It’s therefore unsurprising that employers are increasingly turning to biometric authentication, or the use of an employee’s physical characteristics to help identify people in the workplace.
Biometric data offers unique and attractive characteristics for employers as it is difficult and expensive to hack. So for those seeking to improve security and strengthen their attendance monitoring, technologies such as fingerprint and facial recognition are seen as something of a silver bullet.
But the use of biometrics in the workplace raises a number of thorny issues for both employers and workers alike.
Currently, workplace surveillance and privacy are governed by a patchwork of laws with some gaping holes. Protections and rights vary from state to state with overarching federal privacy principles that can be vague when it comes to employment.
In a recent case before the Fair Work Commission, the right of an employee to refuse to provide his biometric data through the scanning of fingerprints was tested.
In its initial decision, the commission found in favour of the employer upholding the employee’s dismissal for refusing to provide their biometric data to be used in company-wide safety and security upgrades. Surprisingly, at first instance, this action was not found not be harsh, unjust or unreasonable and was therefore lawful under the act.
A right to appeal was upheld in the matter, and as we saw in the commission, these technologies raise a number legal issues around violation of privacy and concerns about information security. These fears are rooted in privacy concerns as well as justifiable concerns around ‘function creep’ – or that data recorded for one purpose in the workplace being used for another, such as law enforcement or targeted advertising.
A recent report into the use of biometric technology conducted by the UK House of Commons found that for employees, being asked to provide fingerprint or facial data by an employer feels more intrusive than giving the same information to a bank or multinational company like Apple. I suspect that this boils down to the fact that employees feel they are left with little choice in the matter if they wish to keep their jobs.
Biometrics, which has its origins in the theory of fingerprinting that emerged in the late 1880’s, has only been adopted in the workplace in the past couple of decades due to significant advances in computer technology. The US was an early adopter of the technology and has had a number of high profile cases, primarily in relation to the failure to obtain employee consent or provide information on how the data collected would be stored or used.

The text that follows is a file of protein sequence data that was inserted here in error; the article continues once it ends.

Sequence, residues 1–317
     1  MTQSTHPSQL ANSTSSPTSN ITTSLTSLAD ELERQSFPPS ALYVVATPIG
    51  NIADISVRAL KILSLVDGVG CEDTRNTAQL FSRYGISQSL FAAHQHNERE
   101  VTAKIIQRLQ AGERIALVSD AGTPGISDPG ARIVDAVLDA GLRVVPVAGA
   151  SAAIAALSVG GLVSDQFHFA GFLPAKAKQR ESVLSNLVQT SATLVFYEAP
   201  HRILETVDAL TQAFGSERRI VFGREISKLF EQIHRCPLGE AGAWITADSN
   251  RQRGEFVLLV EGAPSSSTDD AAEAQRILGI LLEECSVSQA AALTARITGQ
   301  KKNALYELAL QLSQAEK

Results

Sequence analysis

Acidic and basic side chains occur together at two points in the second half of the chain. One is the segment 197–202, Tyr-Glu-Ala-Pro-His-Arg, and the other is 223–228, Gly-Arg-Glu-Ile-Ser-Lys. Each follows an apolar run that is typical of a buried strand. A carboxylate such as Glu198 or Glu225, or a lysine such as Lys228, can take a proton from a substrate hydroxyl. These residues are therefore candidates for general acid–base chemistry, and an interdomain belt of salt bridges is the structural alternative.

My Health Record highlighted a number of the public concerns about privacy and data security in Australia. It seems we don’t even trust our own government to keep this information secure. Even when there was an obvious benefit to participation many members of the public have chosen not to provide their private information.
Clearly when dealing with an employer-employee relationship, the situation is highly problematic because of the power imbalance that exists. Free consent is only give where there are no consequences that flow from acceptance or rejection of an offer.
So what’s the solution?
There is currently no legal framework to deal with this issue that addresses the need for privacy/ the rights of employees
One solution may be to follow the European model, or what’s happening in the US.
Under EU law, the General Data Protection Regulation or GDPR, provides that if an employer collects your fingerprint, they are legally obligated to secure the data and destroy it upon request when it is no longer required. This law went into effect in May 2018, and violations can result in huge fines to the violating company or organisation, up to the greater of 20 million euro or 4 per cent of their annual global operating revenue.
Section 1051 of the California Labour Code prohibits Californian employers from obtaining fingerprints or photographs of employees and sharing this information with a third party. This means that vendors providing fingerprint scanners or other technology must be prevented from accessing the biometric information. It’s worth noting that in the Superior Woods matter the biometric data was stored on servers located off-site in space leased by a third party.
In a law passed in Illinois in 2008, there is a requirement that anyone collecting biometric information must comply with strict notification and consent requirements, including written pretermission. There is also the requirement that biometric data is destroyed when the purpose of collection ends and the data is securely stored.
Clearly there needs to better consistency in Australia on collection of data and workplace surveillance. But in gaining that consistency, the human rights of employees to privacy shouldn’t be obliterated by going for the lowest common denominator of privacy protection. Whether that will happen remains to be seen.
Giri Sivaraman is a principal at Maurice Blackburn Lawyers.